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Governance & Membership

President's Message - February 2021

Inspired by a Short Story, Classic Movie Shares Important Messages

By Mike Mordy

Every Christmas season my wife, Christy, is excited for me to watch with her the 1946 Christmas classic, It’s a Wonderful Life. It is the movie starring Jimmy Stewart as George Bailey, Donna Reed as his wife and Lionel Barrymore as Mr. Potter. You will remember it is the story about George Bailey, who thought he was a failure and who was given the opportunity to come back and see the world as it would have been had he not been born, which is made possible through his guardian angel, Clarence. George Bailey is a good man with young ambitions, but he has been so busy helping others that he believes he is a failure and that life has passed him by.

I was given a book this Christmas called The Greatest Gift, which is the original short story by Philip Van Doren Stern, self-published in 1943, from which the movie It’s a Wonderful Life came. The story was originally issued as a privately printed booklet the author sent out as Christmas cards in 1943. The producer of the movie told Jimmy Stewart that the two main ideas for the story were that no one is born to be a failure and no one is poor who has friends. The Greatest Gift is a short, wonderful story and a reminder that we all have a purpose in life.

I ran upon a small, golden ring this Christmas, at about the same time I received The Greatest Gift. The ring was given to my newborn daughter 40 years ago by an attorney friend of mine. He was a great guy, great lawyer and very compassionate person, but who unfortunately took his life in 1997. Another attorney friend of mine took his life a couple of months ago. He too was a very compassionate, fun and witty guy and a great attorney who zealously represented his clients. Both of these attorneys had a profound effect upon many people’s lives before their deaths and would have continued to do so had their lives not abruptly ended.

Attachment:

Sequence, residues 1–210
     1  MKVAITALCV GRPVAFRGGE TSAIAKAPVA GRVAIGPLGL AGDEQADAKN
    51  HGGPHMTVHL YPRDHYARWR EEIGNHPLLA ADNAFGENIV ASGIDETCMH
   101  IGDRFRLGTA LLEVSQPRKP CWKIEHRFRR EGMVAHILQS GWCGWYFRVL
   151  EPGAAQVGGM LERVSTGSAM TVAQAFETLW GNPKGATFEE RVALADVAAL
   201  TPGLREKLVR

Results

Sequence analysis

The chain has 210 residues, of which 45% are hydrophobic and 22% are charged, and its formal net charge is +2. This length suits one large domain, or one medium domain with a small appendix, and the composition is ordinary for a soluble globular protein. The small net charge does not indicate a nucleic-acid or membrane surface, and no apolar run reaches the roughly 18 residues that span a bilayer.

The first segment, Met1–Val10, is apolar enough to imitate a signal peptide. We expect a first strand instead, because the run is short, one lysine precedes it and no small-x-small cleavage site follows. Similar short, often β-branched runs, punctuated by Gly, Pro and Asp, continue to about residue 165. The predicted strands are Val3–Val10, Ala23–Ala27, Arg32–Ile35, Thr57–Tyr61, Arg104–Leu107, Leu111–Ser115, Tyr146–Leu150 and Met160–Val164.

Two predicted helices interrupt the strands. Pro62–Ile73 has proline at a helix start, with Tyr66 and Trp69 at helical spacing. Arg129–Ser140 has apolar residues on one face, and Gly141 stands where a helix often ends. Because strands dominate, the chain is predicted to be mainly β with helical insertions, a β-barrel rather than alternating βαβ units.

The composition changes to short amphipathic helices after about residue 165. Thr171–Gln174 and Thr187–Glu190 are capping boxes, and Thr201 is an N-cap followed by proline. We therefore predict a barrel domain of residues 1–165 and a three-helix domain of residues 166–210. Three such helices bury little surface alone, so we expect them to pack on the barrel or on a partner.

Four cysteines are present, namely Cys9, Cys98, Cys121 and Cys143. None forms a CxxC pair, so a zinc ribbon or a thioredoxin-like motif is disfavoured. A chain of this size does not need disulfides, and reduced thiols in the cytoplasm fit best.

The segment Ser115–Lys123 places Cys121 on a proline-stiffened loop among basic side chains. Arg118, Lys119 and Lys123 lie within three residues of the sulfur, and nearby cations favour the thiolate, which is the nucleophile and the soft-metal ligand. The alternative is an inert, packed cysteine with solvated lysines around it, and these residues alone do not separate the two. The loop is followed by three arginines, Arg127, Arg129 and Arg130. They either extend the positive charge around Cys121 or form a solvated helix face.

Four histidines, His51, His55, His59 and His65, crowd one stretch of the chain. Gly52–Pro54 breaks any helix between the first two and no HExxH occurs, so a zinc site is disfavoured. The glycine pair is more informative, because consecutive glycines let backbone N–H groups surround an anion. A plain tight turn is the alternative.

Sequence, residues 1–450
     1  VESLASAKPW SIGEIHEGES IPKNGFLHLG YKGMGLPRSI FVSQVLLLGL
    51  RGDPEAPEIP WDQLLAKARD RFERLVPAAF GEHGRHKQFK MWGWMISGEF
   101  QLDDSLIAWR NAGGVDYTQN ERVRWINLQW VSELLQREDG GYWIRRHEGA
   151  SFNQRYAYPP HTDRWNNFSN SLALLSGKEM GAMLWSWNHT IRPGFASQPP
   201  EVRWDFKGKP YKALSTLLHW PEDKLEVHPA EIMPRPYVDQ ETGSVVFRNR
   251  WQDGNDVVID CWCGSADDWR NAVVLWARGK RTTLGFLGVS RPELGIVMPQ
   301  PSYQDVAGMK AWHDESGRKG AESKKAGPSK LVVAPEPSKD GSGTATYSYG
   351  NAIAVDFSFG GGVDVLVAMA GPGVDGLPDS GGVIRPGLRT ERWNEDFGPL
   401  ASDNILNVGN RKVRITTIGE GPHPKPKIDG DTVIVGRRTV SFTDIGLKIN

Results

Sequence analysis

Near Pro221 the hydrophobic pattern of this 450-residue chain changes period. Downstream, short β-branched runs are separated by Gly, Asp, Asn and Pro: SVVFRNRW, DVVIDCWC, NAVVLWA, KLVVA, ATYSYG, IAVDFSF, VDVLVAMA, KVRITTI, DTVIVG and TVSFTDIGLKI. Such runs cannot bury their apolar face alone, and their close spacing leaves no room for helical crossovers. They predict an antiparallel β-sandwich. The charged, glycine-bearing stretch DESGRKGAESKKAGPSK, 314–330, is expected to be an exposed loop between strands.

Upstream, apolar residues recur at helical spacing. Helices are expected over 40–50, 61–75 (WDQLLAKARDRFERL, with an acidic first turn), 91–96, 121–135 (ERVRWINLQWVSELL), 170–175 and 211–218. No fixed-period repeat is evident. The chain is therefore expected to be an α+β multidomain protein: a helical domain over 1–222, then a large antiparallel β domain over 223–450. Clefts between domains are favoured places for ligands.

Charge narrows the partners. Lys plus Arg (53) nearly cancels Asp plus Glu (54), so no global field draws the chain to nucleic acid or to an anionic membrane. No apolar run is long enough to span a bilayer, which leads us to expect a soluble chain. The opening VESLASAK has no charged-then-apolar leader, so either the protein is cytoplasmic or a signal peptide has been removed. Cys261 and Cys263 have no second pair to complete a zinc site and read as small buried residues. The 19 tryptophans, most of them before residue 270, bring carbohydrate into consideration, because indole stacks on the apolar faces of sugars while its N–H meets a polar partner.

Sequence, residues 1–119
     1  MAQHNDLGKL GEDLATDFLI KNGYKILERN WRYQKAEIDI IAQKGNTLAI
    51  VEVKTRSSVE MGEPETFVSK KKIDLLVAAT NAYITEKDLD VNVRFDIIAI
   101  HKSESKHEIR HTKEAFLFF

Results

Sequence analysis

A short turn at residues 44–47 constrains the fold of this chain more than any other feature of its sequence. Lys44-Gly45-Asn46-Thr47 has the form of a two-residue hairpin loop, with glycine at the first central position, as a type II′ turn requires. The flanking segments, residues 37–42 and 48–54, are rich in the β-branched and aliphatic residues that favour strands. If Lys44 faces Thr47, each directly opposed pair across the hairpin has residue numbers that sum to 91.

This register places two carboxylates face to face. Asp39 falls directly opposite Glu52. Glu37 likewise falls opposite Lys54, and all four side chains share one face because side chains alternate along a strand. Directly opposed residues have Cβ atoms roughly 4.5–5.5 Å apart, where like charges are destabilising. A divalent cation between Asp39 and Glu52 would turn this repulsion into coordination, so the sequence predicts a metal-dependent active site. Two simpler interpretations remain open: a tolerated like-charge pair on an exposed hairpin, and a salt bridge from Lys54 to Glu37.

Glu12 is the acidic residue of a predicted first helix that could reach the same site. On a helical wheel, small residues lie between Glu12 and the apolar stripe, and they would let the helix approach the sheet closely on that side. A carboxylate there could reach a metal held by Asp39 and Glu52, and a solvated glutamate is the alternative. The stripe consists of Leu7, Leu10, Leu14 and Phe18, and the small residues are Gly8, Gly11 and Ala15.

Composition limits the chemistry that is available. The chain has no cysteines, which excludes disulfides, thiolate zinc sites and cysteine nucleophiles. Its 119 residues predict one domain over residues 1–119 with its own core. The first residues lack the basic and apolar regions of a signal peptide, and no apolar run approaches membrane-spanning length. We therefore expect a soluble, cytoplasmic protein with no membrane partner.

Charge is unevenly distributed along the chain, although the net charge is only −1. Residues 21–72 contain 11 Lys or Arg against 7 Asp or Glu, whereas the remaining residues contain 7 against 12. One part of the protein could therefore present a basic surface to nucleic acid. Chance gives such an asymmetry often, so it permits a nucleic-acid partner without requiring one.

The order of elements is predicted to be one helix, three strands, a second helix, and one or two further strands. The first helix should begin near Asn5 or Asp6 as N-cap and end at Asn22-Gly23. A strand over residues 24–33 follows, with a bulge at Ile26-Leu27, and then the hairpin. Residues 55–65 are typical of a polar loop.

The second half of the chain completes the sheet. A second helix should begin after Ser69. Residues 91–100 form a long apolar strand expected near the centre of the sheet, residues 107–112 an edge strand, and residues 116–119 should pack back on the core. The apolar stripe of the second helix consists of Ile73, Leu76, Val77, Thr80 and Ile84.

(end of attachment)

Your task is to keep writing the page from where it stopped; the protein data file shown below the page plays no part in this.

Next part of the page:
I mention all of this because we need to remember that we as attorneys do more than just represent businesses and banks and oil companies, but we help people steer through situations that may seem small to us but are desperate situations to them. We often times offer our legal services to people not just on a pro bono basis but are unwittingly helping people through situations that appear insurmountable to them and consequently make a difference in their lives.

We need to be vigilant in checking on our attorney brothers and sisters, and ourselves, especially during this odd season of our life. We need to make sure we all know we have a purpose in life, especially as attorneys, and that the legal services we have provided have helped people in the past and will continue to help people in the future.

Originally published in the Oklahoma Bar Journal – OBJ 92 (February 2021)